Louisiana’s industry, though, has a problem — a shortage of eggs to support its scale. It’s not easy to get alligators to nest in captivity, and to restock their enterprises, farms depend on collecting eggs in the wild. Driven by demand from Louisiana, the price of eggs has risen high enough that the regulated systems for collecting them in the wild in Florida are under a lot of pressure.
Florida farmers, who both use eggs and sell them to Louisiana, get eggs two ways.
Years ago, the state gave 30 gator farmers permits to collect eggs on Florida’s public waters each year. The number of permits hasn’t increased. Each year the state determines the number of eggs that those 30 permit-holders can collectively gather from Lake Tohopekaliga, the St. Johns and Kissimmee rivers and a couple dozen more sites, including the most fertile egg ground, Lake Okeechobee. In addition to what it costs the farmers collectively for a helicopter, airboats and workers to gather eggs, they pay the state a fee for each egg.
On average, the 30 permit holders each get about 1,200 eggs per year, generally paying $12.50 to $13 per egg, says Register, who was chosen decades ago by the permit holders as the egg collection coordinator.
The second way to acquire eggs is more complicated. Those with licenses to collect eggs can gather eggs from gator nests on private lands — ranches in southwest Florida, for example — if they get permission from a landowner. They have to usually pay the landowner for each egg they collect, and the state FWC must approve the collection. This process has produced an average of 90,000 eggs a year for the last five years.
FWC approval carries a set of rules as thick as any swamp. The state specifies how many nests can be raided and eggs taken from private lands. Gatherers have to file a report on each nest they find, including its GPS location. The permit also may specify that collectors can open no more than half the nests found, making opening a nest a guessing game as to which will produce eggs and which is a dud. A certified biologist — Nellis is one — must personally witness and document the whole thing.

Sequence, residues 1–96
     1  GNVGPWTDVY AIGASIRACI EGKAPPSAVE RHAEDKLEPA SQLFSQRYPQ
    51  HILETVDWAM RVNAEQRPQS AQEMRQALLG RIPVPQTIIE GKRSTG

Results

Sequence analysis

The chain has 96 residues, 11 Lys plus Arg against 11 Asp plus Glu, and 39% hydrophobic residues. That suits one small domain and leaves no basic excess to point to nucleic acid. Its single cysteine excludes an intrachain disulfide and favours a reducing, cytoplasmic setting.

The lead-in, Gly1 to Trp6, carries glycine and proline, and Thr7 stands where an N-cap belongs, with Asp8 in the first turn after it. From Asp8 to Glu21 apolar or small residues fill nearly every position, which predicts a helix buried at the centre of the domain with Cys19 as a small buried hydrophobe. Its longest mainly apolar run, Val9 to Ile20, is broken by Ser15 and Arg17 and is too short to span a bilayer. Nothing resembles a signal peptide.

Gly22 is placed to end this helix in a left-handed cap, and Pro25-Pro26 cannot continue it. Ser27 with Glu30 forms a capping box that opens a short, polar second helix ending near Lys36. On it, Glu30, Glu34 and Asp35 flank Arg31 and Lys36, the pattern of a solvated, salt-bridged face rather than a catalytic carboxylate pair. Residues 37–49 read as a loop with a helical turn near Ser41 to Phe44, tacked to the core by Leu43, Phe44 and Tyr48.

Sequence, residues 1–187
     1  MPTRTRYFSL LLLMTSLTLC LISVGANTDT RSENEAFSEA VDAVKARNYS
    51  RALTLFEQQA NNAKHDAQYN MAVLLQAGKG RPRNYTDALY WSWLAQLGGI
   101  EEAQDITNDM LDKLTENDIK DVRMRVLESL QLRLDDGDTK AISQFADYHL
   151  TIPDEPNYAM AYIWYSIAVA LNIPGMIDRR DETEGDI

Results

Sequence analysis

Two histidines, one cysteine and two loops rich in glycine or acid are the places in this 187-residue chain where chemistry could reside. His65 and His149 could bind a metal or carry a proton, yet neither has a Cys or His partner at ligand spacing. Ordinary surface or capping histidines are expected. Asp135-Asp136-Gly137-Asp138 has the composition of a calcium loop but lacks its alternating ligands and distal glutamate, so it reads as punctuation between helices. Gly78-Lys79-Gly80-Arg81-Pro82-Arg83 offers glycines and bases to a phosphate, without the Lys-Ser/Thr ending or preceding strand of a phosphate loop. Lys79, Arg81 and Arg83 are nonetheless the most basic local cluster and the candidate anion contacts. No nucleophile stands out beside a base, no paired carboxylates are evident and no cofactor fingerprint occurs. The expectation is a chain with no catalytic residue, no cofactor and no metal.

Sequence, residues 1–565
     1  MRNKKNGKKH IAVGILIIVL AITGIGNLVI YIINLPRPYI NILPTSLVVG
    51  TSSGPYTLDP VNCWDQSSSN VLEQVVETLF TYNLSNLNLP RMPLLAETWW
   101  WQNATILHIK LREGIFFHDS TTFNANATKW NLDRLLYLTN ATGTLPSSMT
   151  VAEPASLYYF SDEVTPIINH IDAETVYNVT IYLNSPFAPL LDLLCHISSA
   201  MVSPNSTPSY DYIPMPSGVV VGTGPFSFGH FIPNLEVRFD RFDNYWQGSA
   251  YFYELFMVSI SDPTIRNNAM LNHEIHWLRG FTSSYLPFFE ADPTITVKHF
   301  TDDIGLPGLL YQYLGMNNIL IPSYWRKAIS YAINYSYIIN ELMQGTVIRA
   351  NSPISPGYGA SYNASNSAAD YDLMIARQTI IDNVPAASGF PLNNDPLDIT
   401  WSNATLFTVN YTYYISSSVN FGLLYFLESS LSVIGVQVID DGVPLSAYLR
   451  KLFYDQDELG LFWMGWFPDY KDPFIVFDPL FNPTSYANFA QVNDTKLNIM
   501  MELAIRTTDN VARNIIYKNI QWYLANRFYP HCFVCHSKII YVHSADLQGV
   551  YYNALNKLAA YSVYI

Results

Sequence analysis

The process is costly: In addition to the equipment and labor cost of collecting the eggs, the permitted collector pays a biologist, who may charge $350 per day. The biggest cost is the payment to the landowner: With demand for eggs from Louisiana rising, landowners can demand $50 or more an egg, double the price of just a few years ago. At that price, an average gator nest is worth $1,750 to a landowner.
To avoid those costs, some turn to poaching. In recent years, the state noticed that some farms were reporting hatch rates that were “statistically unachievable” — rates higher than 80%, more than double what biological studies would indicate. The FWC became convinced people were poaching wild eggs and laundering them through farms.